Advertising bans are increasingly relevant in political debate, with some countries having already establishes rules that don't allow for "junk food" advertising. But these proposals are all based on the assumptions that consumers are buying goods that they never would have wanted otherwise, writes Bill Wirtz, policy analyst for the Consumer Choice Center.
The fundamental question is: Can you make people buy something that they don't want?
The short answer to that question is: yes. However, you'd be required to force consumers, either directly or indirectly to make that happen. The question is not that of "want", but rather a question of "who made me want it".
The American legal scholar Cass Sunstein, who was Administrator of the Office of Information and Regulatory Affairs under the Obama administration published an essay entitled Fifty Shades of Manipulation, in which he tackles manipulation and consumer sovereignty. In the said essay, Sunstein invokes different forms of manipulation, and despite the effort to differentiate, reaches the following conclusion: "It is important to acknowledge that in the commercial realm, manipulation is widespread; it is part of the basic enterprise. For that reason, the ethical taboo on manipulation is substantially weakened, in part on the theory that competitive markets impose appropriate constraints against undue harm. But in some cases, those constraints are too weak, and it is appropriate to invoke social norms or even the law to discipline welfare-reducing acts of manipulation."
The basic flaw in the essay is a misunderstanding between "manipulation" and "marketing", two words which are not pointing to the same type of strategy. Sunstein seems to believe that all types of advertising mislead consumers about the product, when this is actually a more exceptional case. When Volkswagen manipulated their vehicles in order to show a lower emissions output, they were giving consumers false information about their product. When companies advertise health benefits of their products that cannot be proven, then they are intentionally misleading their customers. However, this is miles away from advertising a product as being cool, refreshing, comfortable, or trendy. Are we to define the mere fact that a product is being described by the producer as "good", as manipulation? Because by this same standard, I could feel equally manipulated by the fact that Mister Sunstein calls a book he edited himself, "relevant". Who is he to decide what I find relevant? Will I feel misled if I find the book not to be relevant at all, and consider myself a victim of manipulation?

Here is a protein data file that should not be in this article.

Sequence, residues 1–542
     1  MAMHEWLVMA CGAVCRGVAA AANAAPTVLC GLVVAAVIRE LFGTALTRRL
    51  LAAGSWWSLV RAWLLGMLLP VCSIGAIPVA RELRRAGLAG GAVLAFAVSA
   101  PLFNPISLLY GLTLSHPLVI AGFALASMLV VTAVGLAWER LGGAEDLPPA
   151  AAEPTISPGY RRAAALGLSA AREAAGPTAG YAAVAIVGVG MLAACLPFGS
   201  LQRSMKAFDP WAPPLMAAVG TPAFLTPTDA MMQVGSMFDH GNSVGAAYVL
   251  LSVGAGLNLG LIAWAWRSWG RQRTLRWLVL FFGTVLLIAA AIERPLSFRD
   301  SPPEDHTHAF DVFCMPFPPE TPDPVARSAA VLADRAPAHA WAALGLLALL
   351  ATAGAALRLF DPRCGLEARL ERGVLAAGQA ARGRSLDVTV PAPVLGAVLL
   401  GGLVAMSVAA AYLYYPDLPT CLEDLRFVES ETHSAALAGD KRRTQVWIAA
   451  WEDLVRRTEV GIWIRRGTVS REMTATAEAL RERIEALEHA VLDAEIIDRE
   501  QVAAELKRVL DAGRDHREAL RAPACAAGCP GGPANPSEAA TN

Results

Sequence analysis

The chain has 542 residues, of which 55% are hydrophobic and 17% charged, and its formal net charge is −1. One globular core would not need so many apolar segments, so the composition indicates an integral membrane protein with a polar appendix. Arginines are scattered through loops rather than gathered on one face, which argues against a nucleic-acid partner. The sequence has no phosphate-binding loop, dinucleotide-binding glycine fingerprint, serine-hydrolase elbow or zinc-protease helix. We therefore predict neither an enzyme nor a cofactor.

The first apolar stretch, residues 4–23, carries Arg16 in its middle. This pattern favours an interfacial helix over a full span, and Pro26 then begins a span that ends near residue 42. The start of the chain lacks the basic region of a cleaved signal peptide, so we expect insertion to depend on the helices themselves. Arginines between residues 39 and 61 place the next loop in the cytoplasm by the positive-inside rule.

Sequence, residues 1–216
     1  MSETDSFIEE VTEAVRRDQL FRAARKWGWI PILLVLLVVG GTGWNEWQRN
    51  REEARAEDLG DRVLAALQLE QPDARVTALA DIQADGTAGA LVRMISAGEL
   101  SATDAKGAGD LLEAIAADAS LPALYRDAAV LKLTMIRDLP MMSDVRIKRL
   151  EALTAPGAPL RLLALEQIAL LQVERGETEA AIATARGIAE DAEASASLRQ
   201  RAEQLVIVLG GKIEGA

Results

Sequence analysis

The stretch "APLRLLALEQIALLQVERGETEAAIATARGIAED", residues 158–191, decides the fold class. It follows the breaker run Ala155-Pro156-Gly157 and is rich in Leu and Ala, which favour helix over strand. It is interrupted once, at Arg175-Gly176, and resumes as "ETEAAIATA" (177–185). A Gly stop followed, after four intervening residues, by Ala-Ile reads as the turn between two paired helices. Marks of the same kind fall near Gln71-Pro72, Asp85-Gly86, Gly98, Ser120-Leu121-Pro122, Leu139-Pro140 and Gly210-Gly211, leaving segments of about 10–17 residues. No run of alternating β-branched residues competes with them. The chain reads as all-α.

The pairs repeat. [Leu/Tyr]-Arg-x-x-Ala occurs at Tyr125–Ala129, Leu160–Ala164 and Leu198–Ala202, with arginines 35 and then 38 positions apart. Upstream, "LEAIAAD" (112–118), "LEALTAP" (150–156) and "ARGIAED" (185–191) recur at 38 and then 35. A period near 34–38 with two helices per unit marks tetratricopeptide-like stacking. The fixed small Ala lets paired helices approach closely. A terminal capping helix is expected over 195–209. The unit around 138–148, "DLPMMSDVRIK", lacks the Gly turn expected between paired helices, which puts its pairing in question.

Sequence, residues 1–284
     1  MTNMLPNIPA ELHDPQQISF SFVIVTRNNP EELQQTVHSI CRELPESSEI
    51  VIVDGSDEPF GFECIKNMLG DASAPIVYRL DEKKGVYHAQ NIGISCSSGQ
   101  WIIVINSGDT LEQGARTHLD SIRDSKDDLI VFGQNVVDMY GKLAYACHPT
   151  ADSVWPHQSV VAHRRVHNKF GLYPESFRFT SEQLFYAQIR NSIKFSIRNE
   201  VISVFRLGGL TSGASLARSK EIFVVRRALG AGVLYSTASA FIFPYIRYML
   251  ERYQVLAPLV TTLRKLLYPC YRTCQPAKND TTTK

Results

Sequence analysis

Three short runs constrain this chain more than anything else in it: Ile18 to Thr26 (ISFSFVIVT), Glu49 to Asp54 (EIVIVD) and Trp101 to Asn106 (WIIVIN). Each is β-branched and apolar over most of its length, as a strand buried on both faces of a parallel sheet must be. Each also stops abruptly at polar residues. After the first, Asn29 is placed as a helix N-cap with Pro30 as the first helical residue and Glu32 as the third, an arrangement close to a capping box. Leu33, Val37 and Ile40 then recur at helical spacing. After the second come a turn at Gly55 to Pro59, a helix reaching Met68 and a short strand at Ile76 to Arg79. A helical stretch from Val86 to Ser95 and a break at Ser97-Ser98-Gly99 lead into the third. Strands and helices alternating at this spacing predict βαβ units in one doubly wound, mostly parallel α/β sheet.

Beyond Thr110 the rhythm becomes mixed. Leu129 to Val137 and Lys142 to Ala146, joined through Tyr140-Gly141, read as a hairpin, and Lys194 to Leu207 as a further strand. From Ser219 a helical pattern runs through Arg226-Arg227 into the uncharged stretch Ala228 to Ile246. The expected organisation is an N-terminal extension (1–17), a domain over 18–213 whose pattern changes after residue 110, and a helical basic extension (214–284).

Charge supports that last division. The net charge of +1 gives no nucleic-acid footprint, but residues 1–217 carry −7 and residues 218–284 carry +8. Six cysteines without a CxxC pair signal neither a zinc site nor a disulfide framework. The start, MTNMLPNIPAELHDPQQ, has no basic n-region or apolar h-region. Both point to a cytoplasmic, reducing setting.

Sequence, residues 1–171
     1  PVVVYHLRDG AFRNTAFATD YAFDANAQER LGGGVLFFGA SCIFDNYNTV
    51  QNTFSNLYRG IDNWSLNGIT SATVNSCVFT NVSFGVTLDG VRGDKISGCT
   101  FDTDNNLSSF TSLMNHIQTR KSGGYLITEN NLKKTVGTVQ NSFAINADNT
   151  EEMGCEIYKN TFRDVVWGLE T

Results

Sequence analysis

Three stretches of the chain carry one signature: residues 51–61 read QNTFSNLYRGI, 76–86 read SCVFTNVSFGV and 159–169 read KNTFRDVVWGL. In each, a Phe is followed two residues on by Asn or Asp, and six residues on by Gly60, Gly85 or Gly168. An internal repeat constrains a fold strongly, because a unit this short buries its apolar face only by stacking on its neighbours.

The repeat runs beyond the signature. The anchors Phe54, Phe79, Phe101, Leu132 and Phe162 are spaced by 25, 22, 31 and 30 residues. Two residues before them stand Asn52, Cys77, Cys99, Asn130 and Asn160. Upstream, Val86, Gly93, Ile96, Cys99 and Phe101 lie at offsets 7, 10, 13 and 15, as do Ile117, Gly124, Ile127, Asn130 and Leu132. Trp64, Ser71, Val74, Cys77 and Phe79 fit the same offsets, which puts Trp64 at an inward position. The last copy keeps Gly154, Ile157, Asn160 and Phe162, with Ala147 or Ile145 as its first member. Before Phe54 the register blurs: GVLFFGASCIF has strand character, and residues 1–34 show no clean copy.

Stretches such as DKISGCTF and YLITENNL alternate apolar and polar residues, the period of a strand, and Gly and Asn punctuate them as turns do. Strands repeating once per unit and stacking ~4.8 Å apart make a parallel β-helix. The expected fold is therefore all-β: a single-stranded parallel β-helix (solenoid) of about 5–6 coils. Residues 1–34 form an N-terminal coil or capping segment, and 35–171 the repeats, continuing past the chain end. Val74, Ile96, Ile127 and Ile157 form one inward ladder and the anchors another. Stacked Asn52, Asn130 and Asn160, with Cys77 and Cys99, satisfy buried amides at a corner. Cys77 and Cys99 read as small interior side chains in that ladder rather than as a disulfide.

Most of all, it's not like consumers are already seeing through common marketing techniques. The €9.99-trick has been around for quite a long time, and even while effective, consumers are aware of what retailers are trying to achieve here. In the same way, consumers know that it's probably not "the best insurance", "the smoothest soft drink", or "the most efficient service" in the literal sense, and that marketers sell their goods the same way online as they would on an old-fashioned market place. And we're not going after a salesman pitching his "best apples" on a marketplace, are we? In the example of the "best" apple, the salesman certainly caught your attention with his pitch, that is far from making the sale. Just thinking of all the heavily marketed products that we personally DON'T want should be proof of that.
In the same way, technological progress is uncircumventable through marketing. There is no scenario in which candlemakers market their way out of being replaced by electricity as a form of producing light. Do you buy things that you'll find limited need for? Surely. Erroneous market decisions are a recurring theme, and nobody pretends that consumers act perfectly. If we're willing to admit the imperfection of consumers, let's not pretend that centralized decisions on consumer behaviour are exempt from mistakes themselves.